During the pandemic I was lucky enough to have a full-time job as a manager at Coffee Company, which gave me some security so I could spend all of my free time on production. All that free time spent on productions eventually lead to many releases that year, including my track “Vermilion Empire” being released on Amelie Lens’ imprint EXHALE in October 2020. This was another huge milestone moment for me, and I can’t thank Amelie Lens enough for the trust and support from the early days of my career up until now. After a few lockdowns, re-openings and more lockdowns, another milestone moment happened in September 2021 during the Unmute Us Demonstration in Amsterdam. Almost all nightlife collectives came together and had their own trucks with blasting music driving through the city. Vault Sessions asked me if I wanted to play on the truck they had together with Awakenings and Reaktor, and obviously my answer was a hell yes! 

What happened during that demonstration was something I could have never imagined. I was playing after Stranger b2b Speedy J and Talismann (which was nerve-racking enough), but the amount of people that came out was just totally insane. When it was my time to start the adrenaline rush was so intense that I could barely control my fingers and hands while adjusting the EQ’s. It’s safe to say it was a huge success and further solidified my name due to the sheer amount of people that attended and that heard my set. If this wasn’t already exciting enough, this special moment eventually lead to my first booking at Awakenings in October 2021 during their ADE show at Ziggodome. I’m not afraid to admit I totally ugly cried when that booking came in. Besides the specific milestones mentioned, there have been two unconditional support systems that hold a special place in my heart; Vault Sessions and RADION. I’ve said it many times and I’ll say it again, but both have had an immense, if not the biggest impact on my development as an artist. To be able to call myself a Vault Sessions resident now is just incredible and such a huge honour. Playing for their events with their absolutely stellar line-ups keeps on pushing me every time to deliver the best that I possibly can, even more so as a resident.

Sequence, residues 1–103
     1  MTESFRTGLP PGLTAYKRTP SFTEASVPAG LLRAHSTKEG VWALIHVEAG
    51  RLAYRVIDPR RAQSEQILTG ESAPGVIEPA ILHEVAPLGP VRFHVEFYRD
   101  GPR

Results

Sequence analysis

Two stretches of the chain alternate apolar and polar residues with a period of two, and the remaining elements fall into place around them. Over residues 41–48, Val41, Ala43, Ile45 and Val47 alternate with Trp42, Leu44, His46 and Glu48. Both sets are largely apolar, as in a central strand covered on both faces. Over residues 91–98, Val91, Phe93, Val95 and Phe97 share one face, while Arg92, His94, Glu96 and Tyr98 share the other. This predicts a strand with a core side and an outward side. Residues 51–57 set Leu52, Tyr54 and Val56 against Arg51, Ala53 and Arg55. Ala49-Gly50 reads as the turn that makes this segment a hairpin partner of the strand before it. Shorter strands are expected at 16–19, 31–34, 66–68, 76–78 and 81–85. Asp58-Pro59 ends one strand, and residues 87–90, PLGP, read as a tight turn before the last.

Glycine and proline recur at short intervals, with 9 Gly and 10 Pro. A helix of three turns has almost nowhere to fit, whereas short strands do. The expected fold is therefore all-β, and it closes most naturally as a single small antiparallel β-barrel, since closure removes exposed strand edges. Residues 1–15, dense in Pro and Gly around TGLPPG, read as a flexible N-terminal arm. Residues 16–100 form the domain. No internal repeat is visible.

All of that being said, I’ve been continously amazed by the beautiful journey I’ve been allowed to experience through music, all the collectives and venues that contributed, all the lovely people I’ve been able to meet… I simply can’t wait for all that’s yet to come. This is just the start!

3. With your parents musical influence, do you think that formed your perspective of the music scene? And if so, how was it for you to find your own style and voice, or do you have similar styles?

I’ve always been quite independent (maybe even a bit stubborn), and I’d like to think I’ve applied the same independence within my taste in music, finding my own style and voice has been something that comes naturally to me. However it would be naïve to think I haven’t been influenced greatly by my parents and my surroundings in general of course! I’ve definitely noticed the influence through out the many genres I enjoy listening to. Even when it comes to 90’s Hip Hop, my father and I share similaraties which is no coincidence. I’ll be blasting “A Tribe Called Quest” and he’ll opt for “Public Enemy”. The same way I like Drum ‘n Bass, he likes Jungle. So there is definitely a red thread through out. My mother enjoys many genres too, I’ll always remember watching her record parts of the radio to make her own mixtapes with songs like “King Of My Castle” by Wamdue Project or “Don’t Mess With The Messer” by Grace Jones.

All in all — My strong desire to find and express my own style and voice also has a lot to do with the open minded upbringing I’ve been so lucky to have, so I’d say another thank you to my parents for always giving me the space to grow and develop my identity in it’s own merits.

4. What is your creative process while composing a track or dj-ing?

If anyone reading this has figured out their creative process while composing a track, please let me know! Jokes aside; my process is honestly still kind of all over the place, sometimes I’m working on a track for weeks and never become satisfied (are we ever?). Other times I finish 3 tracks in a week and feel ready to release them on the spot, which is also not recommended. This in combination with a gradual shift in style and musical direction has resulted in not having released much in the past year now sadly. But I feel determined for this upcoming year to work towards an efficient workflow and to seriously start planning some releases, or even just finishing tracks to keep as secret gems for my sets only.

5. Who are your musical inspirations and key influences? If you could choose an artist or DJ to work with, who would that be?